Modern Architecture in Japan –  Japan, a country known for its technological innovation, is said to have stayed close to its traditional and cultural values, and it continues to do so. Throughout the shifts in Japanese history, there has been a constant expression of the country’s traditions in each of the trends. In specific, the planning principles of Japanese houses. Japan is a densely populated country which explains the mindful use of spaces in Japanese houses.

The idea of a Japanese home is ‘the manipulation of the visitor’s posture at arrival’ (Chaiyapatranun, 2018). A person living or visiting the space must feel balanced and be calmed as they pause and look around. Such an experience is humbling and makes everyone feel one and the same.

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Image 1_Zenshin-an Teahouse_©

The Emergence

The late 19th century saw the initiation of Modern architecture in Japan. It was around this time when modern architecture emerged, and actively spread around the world by the early 20th century. It is based on the use of materials like glass, reinforced concrete and steel and the use of modern construction technology.

Modern architecture is all about eliminating the ornamentation and simplifying the existing, yet making the best use of technology, both of which grew from the population boom and demand for huge-scale built structures in cities. A fact of interest is that the characteristics of modern architecture and the principles of traditional architecture more or less align with each other. As the former says ‘Form follows Function’; the latter calls for simplicity, hence both styles call for a similar approach.

As a motto of modern architecture, simple forms and truth to materials are some of the principles which are also followed in Buddhist architecture.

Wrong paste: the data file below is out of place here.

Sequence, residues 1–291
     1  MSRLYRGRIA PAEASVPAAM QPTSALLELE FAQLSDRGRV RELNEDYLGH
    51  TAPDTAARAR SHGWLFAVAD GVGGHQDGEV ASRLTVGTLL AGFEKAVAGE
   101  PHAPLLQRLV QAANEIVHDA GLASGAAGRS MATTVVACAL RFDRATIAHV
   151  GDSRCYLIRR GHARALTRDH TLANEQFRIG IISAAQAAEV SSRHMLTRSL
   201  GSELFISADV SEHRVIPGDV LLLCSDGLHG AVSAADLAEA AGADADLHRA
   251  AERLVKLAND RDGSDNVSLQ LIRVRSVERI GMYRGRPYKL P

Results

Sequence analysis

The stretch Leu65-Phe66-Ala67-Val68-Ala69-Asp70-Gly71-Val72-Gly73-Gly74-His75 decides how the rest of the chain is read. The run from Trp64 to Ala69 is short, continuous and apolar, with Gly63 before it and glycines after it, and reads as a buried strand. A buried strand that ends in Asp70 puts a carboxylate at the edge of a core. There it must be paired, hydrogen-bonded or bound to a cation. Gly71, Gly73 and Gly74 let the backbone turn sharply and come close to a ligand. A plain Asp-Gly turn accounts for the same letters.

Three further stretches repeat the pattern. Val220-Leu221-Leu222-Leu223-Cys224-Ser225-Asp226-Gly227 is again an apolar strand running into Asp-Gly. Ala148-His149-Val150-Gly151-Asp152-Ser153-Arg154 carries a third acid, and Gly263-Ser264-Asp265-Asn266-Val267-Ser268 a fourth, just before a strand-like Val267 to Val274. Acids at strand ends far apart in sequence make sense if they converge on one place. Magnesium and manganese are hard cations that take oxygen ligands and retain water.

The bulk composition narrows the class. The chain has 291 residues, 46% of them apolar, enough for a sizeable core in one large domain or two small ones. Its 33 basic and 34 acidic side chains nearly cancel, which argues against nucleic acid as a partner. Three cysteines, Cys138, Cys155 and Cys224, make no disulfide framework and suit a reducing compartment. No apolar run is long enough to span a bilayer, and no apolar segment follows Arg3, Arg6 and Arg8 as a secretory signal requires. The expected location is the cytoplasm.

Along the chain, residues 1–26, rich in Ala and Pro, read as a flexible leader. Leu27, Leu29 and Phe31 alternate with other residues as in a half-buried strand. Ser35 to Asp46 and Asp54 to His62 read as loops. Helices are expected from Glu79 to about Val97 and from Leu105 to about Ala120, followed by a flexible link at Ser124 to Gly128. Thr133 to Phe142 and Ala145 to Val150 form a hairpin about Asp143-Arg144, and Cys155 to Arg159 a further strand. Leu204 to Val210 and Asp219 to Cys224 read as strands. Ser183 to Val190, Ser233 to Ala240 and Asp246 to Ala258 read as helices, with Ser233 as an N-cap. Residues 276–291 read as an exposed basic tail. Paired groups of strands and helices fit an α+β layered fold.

Architects Practicing Modern Architecture

Le Corbusier, Frank Lloyd, and Mies Van der Rohe were some of the first to influence the modernist style of architecture in the European context. Kenzo Tange and Tadao Ando were few of the foremost architects to practice and bring the modern style to Japan. Ando’s Azuma House in Osaka which was one of his first works went on to become the first building in modernist style. 

Built after World war II, Azuma House or the Row House (as it was built between two narrowed walls), Tadao went on for concrete loadbearing walls in a closed cubic form. This design was a response to the hostile surroundings of the Sumiyoshi neighborhood. The result turned out to be a concrete box looking out on the inside, a total contrast to the traditional house which would have a sloped wooden roof with exterior openings.

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Image 2_ Entrance of Azuma House, Osaka_©

“The excessive building density caused by intense urbanization in Japanese cities is irrevocably destroying the natural world with which houses can no longer come into direct contact. Current homes cannot have openings to the outside.” – Tadao Ando

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Image 3_ Hiroshima Peace Memorial Museum_©

The Hiroshima Pease Memorial Museum, constructed after becoming the winning entry of a competition, went on to become one of the first modern buildings in Japan and also shaped Tange’s initial phase of his career. The museum, a long, horizontal structure of glass and concrete raised above ground on concrete columns, is reminiscent of buildings by Le Corbusier (Lempesis) 

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Image 4_ Yoyogi national gymnasium kenzo tange_©
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Image 5_ Pulitzer Foundation for the Arts, Oyamazaki, Japan_©

Modern architecture in Japan is another form of style reinvented within the country and certainly not foreign to the practice. It recalls some of the principles practised as back as in the 8th century, in the Heian Period, such as the open planning. This comes with the concept that Japanese culture is the driving factor of the country in a larger context, let alone architecture. Though the modernisation in Japanese practice was a Western-European influence, the approach and methods developed were unique to the native architectural practice.


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